Life keeps intruding on my blogging but I've told a lot of people I sell heirloom tomatoes to about this blog so I guess I need to be better about staying current. Since it's finally spring, the local crops popping up at the market and in my garden get me motivated to start cooking and blogging about it again.
So one of the easiest recipes in the world:
Strawberries - must be local and preferably warm from the sun (sliced)
Penzeys vanilla sugar - sprinkle on strawberries and wait 15 minutes. Sigh with delight.
This is an interesting fact from the great blog, 100 Mile Diet:
I panicked when flood damage prevented nearly half the local farmers from planting in 2007. Sure, I didn’t consider myself a big proponent of local foods; I just like putting the best, freshest meals on the table for my wife and son. Still, I freaked, and scoured the web for lists of farmers’ markets, direct retailers and other places where I could get local food.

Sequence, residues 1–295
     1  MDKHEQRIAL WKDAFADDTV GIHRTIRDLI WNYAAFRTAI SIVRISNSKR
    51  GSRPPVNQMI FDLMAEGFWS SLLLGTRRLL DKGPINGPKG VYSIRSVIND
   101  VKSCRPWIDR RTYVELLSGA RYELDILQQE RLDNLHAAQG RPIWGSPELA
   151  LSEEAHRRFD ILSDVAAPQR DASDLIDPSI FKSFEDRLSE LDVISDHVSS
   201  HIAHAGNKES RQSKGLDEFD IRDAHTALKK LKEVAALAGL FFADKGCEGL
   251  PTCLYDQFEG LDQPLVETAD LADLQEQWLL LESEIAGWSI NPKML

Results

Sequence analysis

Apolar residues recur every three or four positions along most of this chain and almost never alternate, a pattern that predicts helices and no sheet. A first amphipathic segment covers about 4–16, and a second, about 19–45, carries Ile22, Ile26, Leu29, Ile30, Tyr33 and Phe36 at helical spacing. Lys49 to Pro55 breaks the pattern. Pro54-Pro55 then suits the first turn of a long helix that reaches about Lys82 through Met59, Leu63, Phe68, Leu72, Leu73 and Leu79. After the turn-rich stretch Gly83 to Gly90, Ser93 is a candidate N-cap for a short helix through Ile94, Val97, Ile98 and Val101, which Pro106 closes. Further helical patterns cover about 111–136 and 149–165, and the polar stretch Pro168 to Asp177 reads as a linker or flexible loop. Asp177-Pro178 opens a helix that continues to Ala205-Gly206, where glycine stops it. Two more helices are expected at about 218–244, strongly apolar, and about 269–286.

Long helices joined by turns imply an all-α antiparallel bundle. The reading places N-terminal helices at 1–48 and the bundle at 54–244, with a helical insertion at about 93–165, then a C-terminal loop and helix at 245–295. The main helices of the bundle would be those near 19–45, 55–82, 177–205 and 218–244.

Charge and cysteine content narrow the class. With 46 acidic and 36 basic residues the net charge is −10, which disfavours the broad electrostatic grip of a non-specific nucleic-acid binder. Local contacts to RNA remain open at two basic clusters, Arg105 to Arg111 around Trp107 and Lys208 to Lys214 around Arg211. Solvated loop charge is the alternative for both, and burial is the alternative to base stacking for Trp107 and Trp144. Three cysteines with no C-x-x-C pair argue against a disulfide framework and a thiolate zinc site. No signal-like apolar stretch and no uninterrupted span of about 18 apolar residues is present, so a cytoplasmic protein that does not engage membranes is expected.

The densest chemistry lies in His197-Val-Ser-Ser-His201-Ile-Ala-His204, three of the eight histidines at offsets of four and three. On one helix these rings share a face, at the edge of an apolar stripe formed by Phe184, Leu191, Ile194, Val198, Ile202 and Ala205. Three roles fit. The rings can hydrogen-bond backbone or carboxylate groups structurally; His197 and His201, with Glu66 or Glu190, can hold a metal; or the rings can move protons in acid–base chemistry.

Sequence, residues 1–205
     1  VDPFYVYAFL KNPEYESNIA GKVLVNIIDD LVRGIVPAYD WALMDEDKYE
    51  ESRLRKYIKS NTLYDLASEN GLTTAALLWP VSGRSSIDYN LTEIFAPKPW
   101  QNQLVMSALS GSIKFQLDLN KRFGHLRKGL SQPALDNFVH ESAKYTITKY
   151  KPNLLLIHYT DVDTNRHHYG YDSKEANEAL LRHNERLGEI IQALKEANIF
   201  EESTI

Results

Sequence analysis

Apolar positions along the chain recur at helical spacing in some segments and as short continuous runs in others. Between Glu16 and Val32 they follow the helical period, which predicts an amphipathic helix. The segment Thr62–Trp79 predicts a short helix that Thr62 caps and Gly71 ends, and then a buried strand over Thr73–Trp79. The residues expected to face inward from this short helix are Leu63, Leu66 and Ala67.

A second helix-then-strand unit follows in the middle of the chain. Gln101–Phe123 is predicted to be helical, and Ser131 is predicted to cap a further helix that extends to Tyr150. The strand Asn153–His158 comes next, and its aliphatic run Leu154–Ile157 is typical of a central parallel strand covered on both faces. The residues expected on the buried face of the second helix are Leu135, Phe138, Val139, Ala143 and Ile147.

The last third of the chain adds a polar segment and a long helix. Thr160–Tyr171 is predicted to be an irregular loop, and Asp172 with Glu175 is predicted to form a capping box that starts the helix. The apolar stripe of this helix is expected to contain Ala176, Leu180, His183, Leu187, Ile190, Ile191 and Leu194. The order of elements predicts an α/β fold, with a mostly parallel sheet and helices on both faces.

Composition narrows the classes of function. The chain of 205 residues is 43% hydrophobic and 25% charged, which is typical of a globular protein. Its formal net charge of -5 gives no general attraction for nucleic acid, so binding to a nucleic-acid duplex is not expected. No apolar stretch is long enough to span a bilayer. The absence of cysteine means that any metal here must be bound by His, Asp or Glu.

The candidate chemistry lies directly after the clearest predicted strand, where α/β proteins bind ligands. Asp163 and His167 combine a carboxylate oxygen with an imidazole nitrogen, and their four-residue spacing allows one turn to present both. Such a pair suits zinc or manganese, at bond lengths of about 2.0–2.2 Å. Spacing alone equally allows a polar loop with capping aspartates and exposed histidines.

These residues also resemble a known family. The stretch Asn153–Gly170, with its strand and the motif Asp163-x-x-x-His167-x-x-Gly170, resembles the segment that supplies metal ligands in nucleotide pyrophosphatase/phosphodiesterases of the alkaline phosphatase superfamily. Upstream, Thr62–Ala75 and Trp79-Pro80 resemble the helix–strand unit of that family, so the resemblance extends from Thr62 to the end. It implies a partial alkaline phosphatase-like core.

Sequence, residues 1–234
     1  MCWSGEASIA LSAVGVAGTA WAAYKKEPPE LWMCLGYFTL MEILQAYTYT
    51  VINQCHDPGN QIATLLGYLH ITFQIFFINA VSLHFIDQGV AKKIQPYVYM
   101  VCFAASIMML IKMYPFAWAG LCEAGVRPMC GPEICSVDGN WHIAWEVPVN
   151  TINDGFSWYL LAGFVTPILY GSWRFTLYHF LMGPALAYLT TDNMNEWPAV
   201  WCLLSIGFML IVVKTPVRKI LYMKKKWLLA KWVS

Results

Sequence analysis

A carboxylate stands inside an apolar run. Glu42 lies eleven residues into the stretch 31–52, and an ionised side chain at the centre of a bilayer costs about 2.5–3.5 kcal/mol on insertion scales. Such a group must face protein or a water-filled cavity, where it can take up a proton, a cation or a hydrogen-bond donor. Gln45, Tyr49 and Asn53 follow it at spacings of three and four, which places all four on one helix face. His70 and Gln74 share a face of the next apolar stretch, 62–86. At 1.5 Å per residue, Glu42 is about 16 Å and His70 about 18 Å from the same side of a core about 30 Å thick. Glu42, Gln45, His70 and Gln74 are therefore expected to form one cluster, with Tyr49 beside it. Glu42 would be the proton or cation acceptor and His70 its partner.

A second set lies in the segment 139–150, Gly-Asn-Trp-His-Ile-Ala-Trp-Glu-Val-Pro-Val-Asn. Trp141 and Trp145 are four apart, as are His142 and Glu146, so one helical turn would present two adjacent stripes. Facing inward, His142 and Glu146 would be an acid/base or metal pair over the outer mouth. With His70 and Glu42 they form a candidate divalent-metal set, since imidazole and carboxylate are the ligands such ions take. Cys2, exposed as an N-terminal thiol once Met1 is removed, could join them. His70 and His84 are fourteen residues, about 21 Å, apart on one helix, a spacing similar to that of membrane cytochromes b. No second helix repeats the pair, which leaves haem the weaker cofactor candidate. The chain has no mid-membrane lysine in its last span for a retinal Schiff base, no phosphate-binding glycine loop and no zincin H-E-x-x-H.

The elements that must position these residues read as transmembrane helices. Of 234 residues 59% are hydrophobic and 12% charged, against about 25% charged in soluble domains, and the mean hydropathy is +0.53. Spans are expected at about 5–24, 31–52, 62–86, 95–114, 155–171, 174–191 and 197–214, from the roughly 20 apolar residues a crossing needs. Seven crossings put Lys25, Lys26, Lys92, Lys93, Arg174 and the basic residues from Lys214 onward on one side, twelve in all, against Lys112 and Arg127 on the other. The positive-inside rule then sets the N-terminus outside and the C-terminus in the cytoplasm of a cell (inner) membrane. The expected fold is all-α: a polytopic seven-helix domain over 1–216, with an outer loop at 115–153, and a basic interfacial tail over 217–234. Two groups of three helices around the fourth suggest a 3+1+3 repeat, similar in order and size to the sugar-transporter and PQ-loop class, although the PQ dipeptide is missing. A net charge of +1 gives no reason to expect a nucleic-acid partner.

I made the mistake of doing this at work. My boss was, shall we say, very interested in how I spent my day. I showed him a host of places to get food that I never knew was available locally: meats, cheeses, butter—a lot more than corn on the cob and salad greens. Then I bet him I could do an entire meal using nothing but local foods. He took me up on it, and challenged me to do it for a year.
My boss is a politician: New York State Senator Tom Libous.
Food crops and meats are a $50-million industry in his district around Binghamton, NY. Our math showed that if we could get each of the 110,000 households he represents to have just one $15 all-local meal each week, we could add $86 million a year to the local economy.
Think about what you could do for farmers and for your local economy by just eating one local meal a week. If you're up for the challenge, join me over at the 2008 One Local Summer blog.